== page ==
It’s gotten so bad that you don’t even have to be suspected of possessing drugs to be subjected to a strip search.

A North Carolina public school allegedly strip-searched a 10-year-old boy in search of a $20 bill lost by another student, despite the fact that the boy, J.C., twice told school officials he did not have the missing money. The assistant principal reportedly ordered the fifth grader to disrobe down to his underwear and subjected him to an aggressive strip-search that included rimming the edge of his underwear. The missing money was later found in the school cafeteria.

Suspecting that Georgia Tech alum Mary Clayton might be attempting to smuggle a Chick-Fil-A sandwich into the football stadium, a Georgia Tech police officer allegedly subjected the season ticket-holder to a strip search that included a close examination of her underwear and bra. No contraband chicken was found.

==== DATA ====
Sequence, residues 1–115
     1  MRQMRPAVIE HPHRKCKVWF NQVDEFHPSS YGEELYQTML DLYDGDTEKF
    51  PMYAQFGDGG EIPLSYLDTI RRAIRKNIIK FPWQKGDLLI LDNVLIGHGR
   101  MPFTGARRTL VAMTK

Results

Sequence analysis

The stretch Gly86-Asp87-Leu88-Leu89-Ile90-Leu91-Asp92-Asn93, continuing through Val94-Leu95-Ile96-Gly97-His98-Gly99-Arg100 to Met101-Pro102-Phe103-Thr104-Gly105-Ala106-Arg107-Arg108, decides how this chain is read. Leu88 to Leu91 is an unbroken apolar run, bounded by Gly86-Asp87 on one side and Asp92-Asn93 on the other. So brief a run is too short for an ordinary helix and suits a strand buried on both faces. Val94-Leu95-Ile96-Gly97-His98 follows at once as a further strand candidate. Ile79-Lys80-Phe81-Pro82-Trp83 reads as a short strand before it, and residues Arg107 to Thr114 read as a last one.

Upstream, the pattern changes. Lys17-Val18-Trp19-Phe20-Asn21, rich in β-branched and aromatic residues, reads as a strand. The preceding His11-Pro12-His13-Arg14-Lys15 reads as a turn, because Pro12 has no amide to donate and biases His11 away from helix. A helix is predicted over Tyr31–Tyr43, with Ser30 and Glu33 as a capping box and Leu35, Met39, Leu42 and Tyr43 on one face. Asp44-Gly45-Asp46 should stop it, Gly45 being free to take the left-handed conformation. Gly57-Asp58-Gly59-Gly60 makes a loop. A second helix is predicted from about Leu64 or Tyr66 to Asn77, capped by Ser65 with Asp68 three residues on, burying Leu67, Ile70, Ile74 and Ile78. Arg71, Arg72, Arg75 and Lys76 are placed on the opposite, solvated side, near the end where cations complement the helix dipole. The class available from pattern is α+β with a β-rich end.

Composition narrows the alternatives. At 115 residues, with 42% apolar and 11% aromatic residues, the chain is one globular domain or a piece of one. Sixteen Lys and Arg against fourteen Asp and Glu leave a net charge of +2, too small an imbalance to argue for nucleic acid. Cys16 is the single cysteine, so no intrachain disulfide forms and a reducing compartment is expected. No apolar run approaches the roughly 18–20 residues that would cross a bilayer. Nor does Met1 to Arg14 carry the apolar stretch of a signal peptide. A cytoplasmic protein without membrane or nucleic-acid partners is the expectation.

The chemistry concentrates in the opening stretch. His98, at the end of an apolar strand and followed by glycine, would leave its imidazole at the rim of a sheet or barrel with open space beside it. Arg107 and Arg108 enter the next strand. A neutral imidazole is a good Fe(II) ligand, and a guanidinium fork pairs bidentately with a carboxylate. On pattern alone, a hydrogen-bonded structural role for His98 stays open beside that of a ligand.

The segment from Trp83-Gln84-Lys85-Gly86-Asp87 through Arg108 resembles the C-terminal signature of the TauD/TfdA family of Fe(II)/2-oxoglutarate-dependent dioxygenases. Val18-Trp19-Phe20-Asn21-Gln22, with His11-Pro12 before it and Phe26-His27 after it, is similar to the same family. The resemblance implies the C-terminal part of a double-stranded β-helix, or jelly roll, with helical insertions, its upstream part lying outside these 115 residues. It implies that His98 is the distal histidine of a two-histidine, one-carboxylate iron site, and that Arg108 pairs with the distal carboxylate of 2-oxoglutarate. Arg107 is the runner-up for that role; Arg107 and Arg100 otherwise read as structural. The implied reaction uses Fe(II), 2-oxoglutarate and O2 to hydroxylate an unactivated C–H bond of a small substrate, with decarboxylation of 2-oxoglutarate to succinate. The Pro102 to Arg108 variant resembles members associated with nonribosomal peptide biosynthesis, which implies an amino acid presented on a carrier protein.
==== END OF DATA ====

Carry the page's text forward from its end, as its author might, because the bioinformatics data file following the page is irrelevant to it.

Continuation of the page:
Forced searches span a broad spectrum of methods and scenarios, but the common denominator is complete disregard for the rights of the citizenry.

In the wake of the U.S. Supreme Court’s ruling in Florence v. Burlison, any person who is arrested and processed at a jail house, regardless of the severity of his or her offense (minor traffic offense, for example), can be subjected to a strip search by police or jail officials without reasonable suspicion that the arrestee is carrying a weapon or contraband.

Examples of minor infractions which have resulted in strip searches include:

  • individuals arrested for driving with a noisy muffler
  • driving with an inoperable headlight
  • failing to use a turn signal
  • riding a bicycle without an audible bell
  • making an improper left turn
  • engaging in an antiwar demonstration

Police have also carried out strip searches for:

  • passing a bad check
  • dog leash violations
  • filing a false police report
  • failing to produce a driver’s license after making an illegal left turn
  • having outstanding parking tickets
  • public intoxication
  • failure to pay child support can also result in a strip search